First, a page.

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 Table of Contents  
Year : 2023  |  Volume : 3  |  Issue : 1  |  Page : 209-210

Retinal ischemia in carotid artery stenosis

Shroff Eye Centre, New Delhi, India

Date of Submission15-Jun-2022
Date of Acceptance07-Oct-2022
Date of Web Publication20-Jan-2023

Correspondence Address:
Sandeep Kumar
Shroff Eye Centre, A-9, Kailash Colony, New Delhi - 110 048
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Source of Support: None, Conflict of Interest: None

DOI: 10.4103/ijo.IJO_1445_22

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Keywords: Carotid artery stenosis, neovascular glaucoma, retinal ischemia

How to cite this article:
Shroff D, Kumar S, Gupta C, Astir S. Retinal ischemia in carotid artery stenosis. Indian J Ophthalmol Case Rep 2023;3:209-10

How to cite this URL:
Shroff D, Kumar S, Gupta C, Astir S. Retinal ischemia in carotid artery stenosis. Indian J Ophthalmol Case Rep [serial online] 2023 [cited 2023 Jun 9];3:209-10. Available from: https://www.ijoreports.in/text.asp?2023/3/1/209/368144

Retinal vasculature is the only vessel system visible directly in a living subject. Being connected directly to cerebral blood vasculature, it sometimes can predict the pathological cerebral ischemic events. Unilateral retinal ischemia warrants a detailed systemic workup to rule out the factors that would in turn lead to cerebrovascular accidents. Our patient had severe unilateral retinal ischemia, which on detailed workup revealed significant stenosis of the carotid artery. The case highlights the presentation and early detection of carotid artery stenosis by a multidisciplinary approach to retinal ischemia.

A 65-year-old hypertensive and type 2 diabetic male with chronic kidney disease presented in our clinic with painful loss of vision in his left eye for 3 weeks. There was a history of a transient ischemic attack 3 months back. On presentation, best corrected visual acuity (BCVA) was 6/6 N6 and counting finger 1 m in OD and OS, respectively. Intraocular pressure was 16 and 48 mmHg. Slit-lamp examination of OS showed episcleral congestion, hazy cornea due to edema, neovascularization of iris, and lenticular opacity with nuclear sclerosis grade 3. On fundus examination, OS showed scattered dot blot hemorrhage in mid periphery with optic disk cupping of 0.9 along with pallor. A fundus fluorescein angiography was avoided as the serum creatinine level was 3.56 (0.7–1.3 mg/dl). A 12 × 12 mm swept-source optical coherence angiography (SS-OCTA) using Plex Elite 9000 (Carl Zeiss Meditec Inc) revealed significant areas of capillary nonperfusion along with the formation of collateral (1B) at the macula. No macular edema or neovascularization was noted. In view of unilateral and asymmetric presentation, a carotid Doppler was advised, which revealed a mixed density plaque in the left carotid bulb with approximately 80% stenosis and peak systolic velocity 235 cm/s, while the corresponding right side was having 20% narrowing. The patient was started on anti-glaucoma medications. Anti-vascular endothelial growth factor (Anti-VEGF) injection was delivered through intravitreal route, and the patient was urgently referred to a vascular surgeon for an endarterectomy procedure.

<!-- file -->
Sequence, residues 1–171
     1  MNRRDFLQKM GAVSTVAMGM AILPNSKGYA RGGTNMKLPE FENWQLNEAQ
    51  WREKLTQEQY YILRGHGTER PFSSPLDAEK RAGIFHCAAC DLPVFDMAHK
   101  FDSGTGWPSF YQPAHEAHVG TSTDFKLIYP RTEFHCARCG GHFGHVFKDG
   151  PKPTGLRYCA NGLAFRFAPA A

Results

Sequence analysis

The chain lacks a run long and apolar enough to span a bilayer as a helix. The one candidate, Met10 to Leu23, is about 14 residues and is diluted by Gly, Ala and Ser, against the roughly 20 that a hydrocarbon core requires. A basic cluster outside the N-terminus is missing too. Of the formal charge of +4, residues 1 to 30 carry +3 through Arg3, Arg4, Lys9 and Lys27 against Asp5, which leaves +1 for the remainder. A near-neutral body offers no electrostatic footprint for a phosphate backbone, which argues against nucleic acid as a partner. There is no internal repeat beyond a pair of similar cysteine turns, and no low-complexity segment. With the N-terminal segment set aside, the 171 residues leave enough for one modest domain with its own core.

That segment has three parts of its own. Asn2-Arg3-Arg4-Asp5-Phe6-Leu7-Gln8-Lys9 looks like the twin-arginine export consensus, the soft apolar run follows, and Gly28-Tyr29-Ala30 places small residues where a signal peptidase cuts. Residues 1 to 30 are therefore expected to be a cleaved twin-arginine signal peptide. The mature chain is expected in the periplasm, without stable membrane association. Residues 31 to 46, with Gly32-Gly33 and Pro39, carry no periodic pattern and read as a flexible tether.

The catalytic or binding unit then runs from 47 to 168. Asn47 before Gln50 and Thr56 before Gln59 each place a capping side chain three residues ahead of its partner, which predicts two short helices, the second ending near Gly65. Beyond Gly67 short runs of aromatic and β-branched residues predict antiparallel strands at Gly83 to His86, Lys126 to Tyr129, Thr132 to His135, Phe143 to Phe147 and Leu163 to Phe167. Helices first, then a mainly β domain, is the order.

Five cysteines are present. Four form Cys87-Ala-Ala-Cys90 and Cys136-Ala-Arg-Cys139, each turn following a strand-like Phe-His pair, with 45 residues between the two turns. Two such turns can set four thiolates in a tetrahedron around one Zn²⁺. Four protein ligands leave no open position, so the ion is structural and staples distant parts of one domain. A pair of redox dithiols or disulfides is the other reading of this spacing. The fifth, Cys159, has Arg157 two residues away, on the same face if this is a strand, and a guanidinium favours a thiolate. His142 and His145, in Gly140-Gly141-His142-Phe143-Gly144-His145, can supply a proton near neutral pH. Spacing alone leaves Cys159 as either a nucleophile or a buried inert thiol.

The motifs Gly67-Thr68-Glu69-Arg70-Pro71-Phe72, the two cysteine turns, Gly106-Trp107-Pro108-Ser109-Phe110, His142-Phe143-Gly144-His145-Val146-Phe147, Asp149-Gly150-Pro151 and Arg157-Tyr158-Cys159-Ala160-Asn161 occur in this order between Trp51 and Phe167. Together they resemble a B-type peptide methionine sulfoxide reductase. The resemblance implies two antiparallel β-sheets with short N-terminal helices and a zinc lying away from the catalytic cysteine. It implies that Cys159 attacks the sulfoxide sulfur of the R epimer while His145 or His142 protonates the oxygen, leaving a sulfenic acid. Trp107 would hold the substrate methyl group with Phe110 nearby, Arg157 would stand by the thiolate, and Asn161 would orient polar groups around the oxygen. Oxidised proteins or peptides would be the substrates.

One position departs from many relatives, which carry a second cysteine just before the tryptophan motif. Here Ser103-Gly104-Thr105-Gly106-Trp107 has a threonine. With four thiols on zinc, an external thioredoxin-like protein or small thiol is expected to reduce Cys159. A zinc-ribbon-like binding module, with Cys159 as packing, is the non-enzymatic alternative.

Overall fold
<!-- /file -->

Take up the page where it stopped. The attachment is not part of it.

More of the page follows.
Discussion Top

Impaired ocular arterial supply can lead to generalized ocular ischemia. Sometimes, neovascularization of iris may be the only sign associated with carotid artery stenosis.[1] Seen in males over 50 years, it is associated with a poor visual outcome even after medical and surgical interventions. It is linked to underlying arteriosclerosis and is bilateral in 15%–20% of cases. The OCTA image [Figure 1] shows a comparative view of retina in carotid artery stenosis [Figure 1]b with the normal [Figure 1]a fellow eye. OD with minimal carotid stenosis shows an orderly retinal microvasculature on 12 × 12 scan, whereas extensive loss of vessels can be appreciated as ischemic zones in OS. A high index of suspicion in unilateral ischemic retina with pain and low visual acuity is imperative as it can be the only presenting sign. Early diagnosis and intervention can avert mortality due to cerebrovascular accidents[1],[2] and prevent potential blindness.
Figure 1: Retinal ischemia in carotid artery stenosis on SS-OCTA. (a) Wide-field montage of the right eye of a 65-year-old male showing well-defined capillary network and clear delineation of the foveal avascular zone (green arrowhead). (b) Left eye showing extensive wipe out of retinal microvasculature and capillary nonperfusion (white cross) along with the formation of collateral (yellow arrow) at the macula. SS-OCTA: swept-source optical coherence angiography

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The case emphasizes the necessity of detecting significant carotid artery stenosis early, as it can lead to cerebrovascular accidents if left untreated. Our patient had eye symptoms, but we were able to rule out a life-threatening situation and prevent probable morbidity.

Author contribution and consent

We were all involved in the care or decisions about the care of the patient. We were all involved in writing the manuscript, and all of us approved the final manuscript. Written consent for publication was obtained from the patient.

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Conflicts of interest

There are no conflicts of interest.

  References Top

Chen CS, Varma D, Lee A. Arterial occlusions to the eye: From retinal emboli to ocular ischemic syndrome. Asia Pac J Ophthalmol (Phila) 2020;9:349-57.  Back to cited text no. 1
Wong CL, Ang M, Tan ACS. Clinical applications of optical coherence angiography imaging in ocular vascular diseases. Appl Sci 2019;9:2577.  Back to cited text no. 2


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